Megan Scott started worked for the Joy of Cooking in 2010, when she and John Becker met and immediately bonded over a shared love of blue cheese. Megan’s culinary education began in North Carolina, where she learned to cook from a long line of matriarchs. She grew up in a farming family, shucking corn and snapping green beans as far back as she can remember. She has been a cheesemaker’s apprentice, a baker, and an assistant pastry chef, and in addition to her work for Joy she is the culinary director for a marketing agency that specializes in food. Megan lives in Portland, Oregon, with her husband John and their two cats, Loki and Kishu.

Read an Excerpt

This recipe can be found in Joy Of Cooking's Stuffing chapter.

BASIC BREAD STUFFING
8 to 10 cups

This and the bread stuffing recipes that follow yield enough to stuff a 14- to 17-pound turkey. Many of the variations yield enough for an additional small casserole of stuffing. To stuff an oven roaster or 6 to 8 rock Cornish hens, halve the recipes. For a larger turkey, increase all the ingredients by half. The optional egg makes the stuffing firm. If you prefer the bread to be moist, skip the toasting step.

Position a rack in the center of the oven. Preheat the oven to 400°F.

Toast until golden brown:

1 pound sliced firm white sandwich, French, or Italian bread, including crusts, cut into 1/2-inch cubes, or 10 cups lightly packed bread cubes

Turn into a large bowl. Heat in a large skillet over medium-high heat until the foam subsides:

4 to 8 tablespoons (1/2 to 1 stick) unsalted butter

Add and cook, stirring, until tender, about 5 minutes:

2 cups chopped onions 1 cup finely chopped celery

Remove from the heat and stir in:

1/4 to 1/2 cup minced fresh parsley
1 teaspoon dried sage, or 1 tablespoon minced fresh
1 teaspoon dried thyme, or 1 tablespoon minced fresh
I teaspoon salt
1/2 teaspoon ground black pepper
1/4 teaspoon freshly grated or ground nutmeg
1/8 teaspoon ground cloves
Stir into the bread cubes and toss until well combined. Depending on how much butter you started with and how firm you want the stuffing, stir in, a little at a time, until the stuffing is lightly moist but not packed together:
1/3 to 1 cup chicken stock 1 to 2 large eggs, well beaten (optional)

Adjust the seasonings. To use as a stuffing, reheat just before spooning it into the bird(s). Or moisten with additional:

Stock and/or egg
and turn into a large, shallow buttered baking dish. Bake in a 350°F oven until the top has formed a crust and the stuffing is heated through, 25 to 40 minutes.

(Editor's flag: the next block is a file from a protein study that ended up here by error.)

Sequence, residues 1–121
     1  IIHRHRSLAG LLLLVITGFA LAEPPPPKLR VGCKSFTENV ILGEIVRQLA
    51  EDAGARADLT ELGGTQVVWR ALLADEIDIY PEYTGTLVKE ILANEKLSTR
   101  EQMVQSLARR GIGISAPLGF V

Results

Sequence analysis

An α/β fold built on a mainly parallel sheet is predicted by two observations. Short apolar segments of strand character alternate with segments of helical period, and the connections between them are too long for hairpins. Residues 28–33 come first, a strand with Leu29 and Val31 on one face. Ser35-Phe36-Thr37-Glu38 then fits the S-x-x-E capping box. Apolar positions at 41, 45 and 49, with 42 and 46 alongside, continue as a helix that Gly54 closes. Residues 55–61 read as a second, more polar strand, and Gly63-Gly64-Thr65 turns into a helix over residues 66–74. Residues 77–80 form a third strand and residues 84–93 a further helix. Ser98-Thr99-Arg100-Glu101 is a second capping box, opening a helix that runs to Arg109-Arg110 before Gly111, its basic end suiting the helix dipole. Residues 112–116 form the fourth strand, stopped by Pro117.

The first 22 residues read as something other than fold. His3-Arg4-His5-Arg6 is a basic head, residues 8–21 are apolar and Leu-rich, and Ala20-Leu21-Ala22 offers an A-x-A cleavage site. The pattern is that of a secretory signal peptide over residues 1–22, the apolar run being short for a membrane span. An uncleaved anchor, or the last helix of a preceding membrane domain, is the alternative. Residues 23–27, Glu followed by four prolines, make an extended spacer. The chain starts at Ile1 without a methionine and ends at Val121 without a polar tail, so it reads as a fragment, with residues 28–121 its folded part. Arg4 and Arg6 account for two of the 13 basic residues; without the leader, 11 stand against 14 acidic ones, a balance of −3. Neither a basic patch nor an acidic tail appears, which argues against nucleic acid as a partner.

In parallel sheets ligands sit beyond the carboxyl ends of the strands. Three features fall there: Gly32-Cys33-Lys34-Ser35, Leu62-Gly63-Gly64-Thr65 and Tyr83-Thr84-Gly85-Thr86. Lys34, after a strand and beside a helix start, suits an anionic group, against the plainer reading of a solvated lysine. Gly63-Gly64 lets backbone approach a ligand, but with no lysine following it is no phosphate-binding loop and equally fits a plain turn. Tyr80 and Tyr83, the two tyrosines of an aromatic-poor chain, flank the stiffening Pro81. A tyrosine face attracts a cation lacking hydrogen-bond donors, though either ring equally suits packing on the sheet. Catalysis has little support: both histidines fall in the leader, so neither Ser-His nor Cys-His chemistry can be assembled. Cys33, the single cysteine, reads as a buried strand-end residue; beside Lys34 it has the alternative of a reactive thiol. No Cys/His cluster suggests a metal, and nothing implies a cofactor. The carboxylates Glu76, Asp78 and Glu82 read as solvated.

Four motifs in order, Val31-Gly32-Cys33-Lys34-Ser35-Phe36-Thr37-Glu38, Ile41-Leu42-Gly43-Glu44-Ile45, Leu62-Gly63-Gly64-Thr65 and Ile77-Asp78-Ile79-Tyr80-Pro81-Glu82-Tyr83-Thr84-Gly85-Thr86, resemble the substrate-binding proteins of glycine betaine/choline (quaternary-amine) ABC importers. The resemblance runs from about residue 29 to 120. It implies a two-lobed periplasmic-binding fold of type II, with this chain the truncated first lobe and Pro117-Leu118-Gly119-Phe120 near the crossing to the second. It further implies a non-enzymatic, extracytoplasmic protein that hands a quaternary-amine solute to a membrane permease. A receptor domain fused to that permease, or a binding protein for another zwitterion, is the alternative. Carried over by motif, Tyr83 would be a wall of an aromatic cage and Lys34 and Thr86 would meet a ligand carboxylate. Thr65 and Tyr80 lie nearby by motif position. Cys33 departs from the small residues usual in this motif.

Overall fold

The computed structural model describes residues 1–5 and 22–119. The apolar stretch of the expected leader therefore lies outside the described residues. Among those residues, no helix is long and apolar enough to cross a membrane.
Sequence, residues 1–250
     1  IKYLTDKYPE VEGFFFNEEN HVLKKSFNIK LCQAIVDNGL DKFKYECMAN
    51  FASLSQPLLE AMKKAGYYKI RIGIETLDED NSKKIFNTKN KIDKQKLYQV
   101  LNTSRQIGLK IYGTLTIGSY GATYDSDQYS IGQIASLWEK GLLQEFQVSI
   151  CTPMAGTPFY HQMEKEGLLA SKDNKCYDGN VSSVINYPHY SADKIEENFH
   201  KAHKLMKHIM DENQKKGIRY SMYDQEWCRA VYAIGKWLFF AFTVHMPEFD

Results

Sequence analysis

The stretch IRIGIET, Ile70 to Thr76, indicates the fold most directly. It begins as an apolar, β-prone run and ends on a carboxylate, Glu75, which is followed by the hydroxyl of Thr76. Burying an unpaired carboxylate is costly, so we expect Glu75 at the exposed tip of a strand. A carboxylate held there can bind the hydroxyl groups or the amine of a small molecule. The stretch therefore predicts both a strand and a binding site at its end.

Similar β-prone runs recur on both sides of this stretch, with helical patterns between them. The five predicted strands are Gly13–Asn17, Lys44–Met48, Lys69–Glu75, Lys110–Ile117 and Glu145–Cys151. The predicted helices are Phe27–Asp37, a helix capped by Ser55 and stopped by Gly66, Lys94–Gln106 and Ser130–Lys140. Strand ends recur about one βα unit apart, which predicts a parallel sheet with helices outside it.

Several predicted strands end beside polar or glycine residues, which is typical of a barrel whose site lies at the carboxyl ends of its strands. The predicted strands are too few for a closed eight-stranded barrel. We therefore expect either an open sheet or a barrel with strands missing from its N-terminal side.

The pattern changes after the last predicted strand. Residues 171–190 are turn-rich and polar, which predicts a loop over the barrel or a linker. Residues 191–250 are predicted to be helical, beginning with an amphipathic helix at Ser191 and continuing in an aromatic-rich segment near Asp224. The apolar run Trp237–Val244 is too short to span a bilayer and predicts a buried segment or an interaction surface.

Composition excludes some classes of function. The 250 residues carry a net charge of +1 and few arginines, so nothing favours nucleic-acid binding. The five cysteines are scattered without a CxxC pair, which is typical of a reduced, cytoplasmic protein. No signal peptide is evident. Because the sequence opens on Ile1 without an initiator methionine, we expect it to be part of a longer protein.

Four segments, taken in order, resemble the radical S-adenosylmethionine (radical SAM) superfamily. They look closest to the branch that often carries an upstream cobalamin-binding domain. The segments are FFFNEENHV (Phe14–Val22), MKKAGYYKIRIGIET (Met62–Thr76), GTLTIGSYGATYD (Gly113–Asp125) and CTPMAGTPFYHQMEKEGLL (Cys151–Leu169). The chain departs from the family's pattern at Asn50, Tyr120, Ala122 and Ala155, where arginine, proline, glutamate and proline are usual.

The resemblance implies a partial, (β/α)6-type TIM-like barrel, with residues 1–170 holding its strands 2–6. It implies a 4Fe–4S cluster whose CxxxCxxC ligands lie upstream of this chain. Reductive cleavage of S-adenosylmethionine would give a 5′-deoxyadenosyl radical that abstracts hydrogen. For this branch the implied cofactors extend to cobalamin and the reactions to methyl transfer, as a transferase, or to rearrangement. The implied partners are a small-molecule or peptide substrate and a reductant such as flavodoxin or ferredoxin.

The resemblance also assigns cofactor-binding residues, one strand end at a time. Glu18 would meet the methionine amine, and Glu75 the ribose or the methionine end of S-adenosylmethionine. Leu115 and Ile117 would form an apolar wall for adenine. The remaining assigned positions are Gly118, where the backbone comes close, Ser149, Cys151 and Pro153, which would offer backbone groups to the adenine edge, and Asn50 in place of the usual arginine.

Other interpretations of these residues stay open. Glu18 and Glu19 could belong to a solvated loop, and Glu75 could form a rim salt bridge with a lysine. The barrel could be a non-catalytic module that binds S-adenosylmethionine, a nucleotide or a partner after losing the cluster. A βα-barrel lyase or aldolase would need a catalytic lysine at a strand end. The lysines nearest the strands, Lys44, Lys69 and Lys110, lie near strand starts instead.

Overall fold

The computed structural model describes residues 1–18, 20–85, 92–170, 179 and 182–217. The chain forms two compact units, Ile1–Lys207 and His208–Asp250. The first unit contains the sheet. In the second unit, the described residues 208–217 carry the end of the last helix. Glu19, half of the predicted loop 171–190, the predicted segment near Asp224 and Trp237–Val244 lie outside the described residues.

This information can be found in the Joy Of Cooking's Poultry chapter.

RULES FOR STUFFING BIRDS

1. Always stuff the bird just before roasting2. Have the stuffing hot and pack it loosely in the body and neck cavities. The stuffing must reach a temperature of 160°F during roasting to ensure that any possible pathogens are killed. If it is cold and packed tightly into the bird, it will not heat to this point until long after the bird is cooked through.

3. You must close the cavities in order to keep the stuffing in place. The quickest and most efficient way to do this is by sewingthe cavities shut with a trussing needle and twine. If you do not own a trussing needle, secure the body cavity with small skewers and lacing (kits for this purpose are sold at kitchen shops) and close the neck cavity with toothpicks.

4. When the bird has cooked through, take the temperature of the stuffing by plunging the stem of the thermometer deep into the body cavity. If the stuffing has not yet reached 160°F, simply take the bird out of the oven, scoop the stuffing into a buttered casserole, and bake it in the hot oven while the bird stands before carving.

5. Finally, always take all the stuffing out of the cooked bird as soon as you begin to carve. Stuffing left inside a large turkey may remain warm for several hours, even if the bird is refrigerated, providing a perfect environment for bacterial growth.

Copyright © 1997 by Simon & Schuster Inc., The Joy of CookingTrust and the MRB Revocable Trust

Table of Contents

Diet, Lifestyle & Health ..... 1
Entertaining ..... 8
Menus ..... 17
Coffee, Tea & Hot Chocolate ..... 24
Stocks & Sauces ..... 35
Condiments, Marinades & Dry Rubs ..... 60
Soups ..... 91
Eggs ..... 121
Hors D'oeuvre ..... 143
Little Dishes ..... 158
Sandwiches, Burritos & Pizzas ..... 181
Salads ..... 200
Salad Dressings ..... 234
Grains ..... 243
Beans & Tofu ..... 270
Pasta, Dumplings & Noodles ..... 295
Vegetables ..... 332
Fruits ..... 439
Stuffing ..... 481
Shellfish ..... 488
Fish ..... 527
Poultry ..... 567
Game ..... 625
Meat ..... 637
Yeast Breads ..... 735
Quick Breads ..... 771
Pancakes, Waffles, French Toast & Doughnuts ..... 793
Cookies ..... 812
Candy ..... 845
Pies & Tarts ..... 856
American Fruit Desserts ..... 894
Puff Pastry, Strudel & Danish Pastries ..... 906
Cakes, Tortes & Cupcakes ..... 923
Frostings, Fillings & Glazes ..... 987
Custards, Puddings, Mousses & Dessert Souffles ..... 1013
Dessert Sauces ..... 1040
Cooking Methods ..... 1050
Know Your Ingredients ..... 1058
Index ..... 1088

Interviews

On November 24, 1997, Ethan Becker joined barnesandnoble.com on AOL to discuss the revised, all-purpose Joy of Cooking. Along with a team of internationally praised chefs, Becker updated this American classic for the '90s, adding timesaving tips and diverse new recipes.